– Holy moley, can you believe it took them three seasons to give us Mirror Master? I mean, for cryin’ out loud, he was one of the only rogues we got on the original The Flash TV series (played by David Cassidy) and it took this show, which is so very faithful to the spirit of the comics, three seasons to get to one of the core Flash villains!
Sam Scudder has been around almost as long as Barry Allen himself, first appearing in The Flash #105 in 1959. This version of Mr Scudder is perhaps a better dresser than his comic book counterpart.
Harrison brings up Evan McCulloch, who in the comics picked up Scudder’s legacy on our world, not in an alternate one. But Harrison’s Mirror Master isn’t a metahuman, but uses technology, specifically a mirror gun, and that’s far more like the Mirror Master of the comics than what we had on screen tonight, which is kinda cool.
– The Top is another story, though. For one thing, this is a gender-swapped version of the character, but to be perfectly honest, Roscoe Dillon was never exactly the most important or memorable of Flash’s foes. The comic book Top had a different power set, being able to spin at super speed, which is perhaps less useless than you might think, but still might not fit in with the show’s plans. However, if there is one Top story you read, make it The Secret of Barry Allen, which deals with some weird shit that Barry had to deal with at the end of Roscoe’s villainous career. It’s great.
– Mirror Master and The Top hang out in a Broome warehouse. John Broome co-created both Mirror Master and The Top… oh yeah, and Captain Cold. And nearly every other supporting villain you’re likely to see on this show.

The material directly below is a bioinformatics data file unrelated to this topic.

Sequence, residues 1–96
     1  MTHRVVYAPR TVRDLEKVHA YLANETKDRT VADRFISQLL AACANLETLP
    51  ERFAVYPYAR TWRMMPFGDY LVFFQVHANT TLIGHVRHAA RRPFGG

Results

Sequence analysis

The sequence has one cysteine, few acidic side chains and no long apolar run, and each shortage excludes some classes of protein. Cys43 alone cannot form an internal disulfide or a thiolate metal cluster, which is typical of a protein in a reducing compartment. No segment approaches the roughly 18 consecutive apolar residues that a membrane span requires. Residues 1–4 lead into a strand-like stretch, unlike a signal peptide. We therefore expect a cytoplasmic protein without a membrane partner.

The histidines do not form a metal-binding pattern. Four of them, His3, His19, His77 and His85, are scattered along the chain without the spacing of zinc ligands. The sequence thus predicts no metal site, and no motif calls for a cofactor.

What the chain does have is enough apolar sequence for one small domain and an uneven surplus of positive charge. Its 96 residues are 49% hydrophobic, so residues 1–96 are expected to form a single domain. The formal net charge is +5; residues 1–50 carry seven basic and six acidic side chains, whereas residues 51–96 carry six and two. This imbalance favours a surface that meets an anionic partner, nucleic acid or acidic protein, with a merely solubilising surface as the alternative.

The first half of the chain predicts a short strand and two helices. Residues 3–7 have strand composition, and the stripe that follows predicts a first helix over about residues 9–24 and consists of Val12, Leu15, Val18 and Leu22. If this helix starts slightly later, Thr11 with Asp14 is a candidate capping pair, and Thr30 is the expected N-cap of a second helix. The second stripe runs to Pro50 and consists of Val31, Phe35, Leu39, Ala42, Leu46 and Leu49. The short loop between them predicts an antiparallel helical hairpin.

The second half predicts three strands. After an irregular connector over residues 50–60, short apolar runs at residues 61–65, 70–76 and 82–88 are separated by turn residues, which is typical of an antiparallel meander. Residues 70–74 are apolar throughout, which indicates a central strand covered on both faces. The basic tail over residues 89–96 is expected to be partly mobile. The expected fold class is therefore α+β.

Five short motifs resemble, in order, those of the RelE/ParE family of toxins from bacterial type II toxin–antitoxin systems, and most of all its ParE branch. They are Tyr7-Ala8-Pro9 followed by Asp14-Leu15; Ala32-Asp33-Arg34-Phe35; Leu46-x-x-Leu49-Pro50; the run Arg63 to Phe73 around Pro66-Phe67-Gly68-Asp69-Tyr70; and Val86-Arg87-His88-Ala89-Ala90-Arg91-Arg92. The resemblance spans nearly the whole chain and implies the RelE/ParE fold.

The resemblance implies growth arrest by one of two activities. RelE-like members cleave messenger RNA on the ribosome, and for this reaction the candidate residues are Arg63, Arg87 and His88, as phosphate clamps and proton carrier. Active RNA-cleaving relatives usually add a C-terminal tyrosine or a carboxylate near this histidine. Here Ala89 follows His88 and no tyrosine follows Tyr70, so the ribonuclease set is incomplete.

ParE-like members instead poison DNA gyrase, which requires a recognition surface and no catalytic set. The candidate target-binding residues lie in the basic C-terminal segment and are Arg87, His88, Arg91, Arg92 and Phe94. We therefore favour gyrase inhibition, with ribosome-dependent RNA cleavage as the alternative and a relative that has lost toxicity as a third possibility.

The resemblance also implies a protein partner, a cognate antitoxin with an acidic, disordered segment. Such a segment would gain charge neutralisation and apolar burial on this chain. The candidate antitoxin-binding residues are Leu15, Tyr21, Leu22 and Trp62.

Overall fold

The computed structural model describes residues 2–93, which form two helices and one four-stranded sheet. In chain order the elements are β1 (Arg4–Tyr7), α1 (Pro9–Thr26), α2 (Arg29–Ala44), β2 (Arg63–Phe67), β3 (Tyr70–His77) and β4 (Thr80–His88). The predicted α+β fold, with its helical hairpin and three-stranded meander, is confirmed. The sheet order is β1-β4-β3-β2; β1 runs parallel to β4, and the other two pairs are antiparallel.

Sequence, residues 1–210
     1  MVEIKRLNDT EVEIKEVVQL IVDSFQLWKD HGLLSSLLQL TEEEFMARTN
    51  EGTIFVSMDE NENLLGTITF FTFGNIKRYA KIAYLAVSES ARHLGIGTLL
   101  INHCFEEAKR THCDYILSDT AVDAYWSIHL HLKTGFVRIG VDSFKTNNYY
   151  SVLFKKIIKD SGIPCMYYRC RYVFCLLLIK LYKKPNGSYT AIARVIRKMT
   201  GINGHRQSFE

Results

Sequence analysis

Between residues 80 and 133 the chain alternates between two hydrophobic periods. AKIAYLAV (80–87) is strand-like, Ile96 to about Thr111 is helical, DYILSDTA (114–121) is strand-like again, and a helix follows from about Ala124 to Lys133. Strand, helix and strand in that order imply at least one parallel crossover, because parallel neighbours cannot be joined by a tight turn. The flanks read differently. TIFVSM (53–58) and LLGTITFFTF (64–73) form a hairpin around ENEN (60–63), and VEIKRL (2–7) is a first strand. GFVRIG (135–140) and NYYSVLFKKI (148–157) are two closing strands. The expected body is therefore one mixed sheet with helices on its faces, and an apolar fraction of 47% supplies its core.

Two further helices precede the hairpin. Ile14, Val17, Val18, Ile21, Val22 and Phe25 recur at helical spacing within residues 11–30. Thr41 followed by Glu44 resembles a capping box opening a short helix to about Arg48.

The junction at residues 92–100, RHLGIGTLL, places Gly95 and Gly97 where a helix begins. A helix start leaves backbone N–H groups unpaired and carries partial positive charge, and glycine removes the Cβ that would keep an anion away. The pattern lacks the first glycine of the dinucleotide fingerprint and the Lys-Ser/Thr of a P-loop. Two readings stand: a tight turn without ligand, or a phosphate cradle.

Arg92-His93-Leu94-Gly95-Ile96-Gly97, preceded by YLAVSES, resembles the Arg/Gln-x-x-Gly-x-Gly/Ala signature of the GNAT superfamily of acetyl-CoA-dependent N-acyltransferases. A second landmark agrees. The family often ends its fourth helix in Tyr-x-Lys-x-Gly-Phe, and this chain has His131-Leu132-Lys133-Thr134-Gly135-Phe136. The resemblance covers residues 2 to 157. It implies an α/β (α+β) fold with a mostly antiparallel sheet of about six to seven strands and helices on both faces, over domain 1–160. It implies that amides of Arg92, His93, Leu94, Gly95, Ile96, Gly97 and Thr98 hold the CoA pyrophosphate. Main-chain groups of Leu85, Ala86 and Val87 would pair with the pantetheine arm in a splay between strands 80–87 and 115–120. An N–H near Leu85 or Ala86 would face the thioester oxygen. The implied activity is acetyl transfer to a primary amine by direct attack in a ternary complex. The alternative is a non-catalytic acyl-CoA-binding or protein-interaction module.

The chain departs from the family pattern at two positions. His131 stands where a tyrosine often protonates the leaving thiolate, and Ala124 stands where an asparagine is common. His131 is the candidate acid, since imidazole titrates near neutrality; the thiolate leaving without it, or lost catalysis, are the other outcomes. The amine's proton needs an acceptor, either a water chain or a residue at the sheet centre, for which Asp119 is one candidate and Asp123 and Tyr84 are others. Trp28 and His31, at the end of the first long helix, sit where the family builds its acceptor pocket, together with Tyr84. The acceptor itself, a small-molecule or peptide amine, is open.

– One of the Harrisons mentions “Terra Prime.” In the original DC Multiverse, Earth-Prime is the world that we live on, where we read about superhero adventures in comics. So he thinks he’s talking to “Earth Prime” but he’s actually talking to Earth One. WE are watching this show from Earth Prime. So this version of Harrison thinks he’s made contact with our world. Mind. Blown.
– Barry’s “I’ve become Oliver” joke is significant when you consider that Arrow was also in its third season when Ollie had to start dealing with a full-blown speedster in his life.
– Joe’s crack about backwards talking on Ozzy Osbourne records is a reference to 1980s parental panic about subliminal messages being concealed on heavy metal albums in the form of backwards messages. There are people who swear, for example, that you can hear the words “my sweet satan” if you play Led Zeppelin’s “Stairway to Heaven” backwards.
– That Caitlin ending, though. They’re doing this right. It’s gonna hurt when we lose her.
Read Caroline’s review of the previous episode, Magenta, here.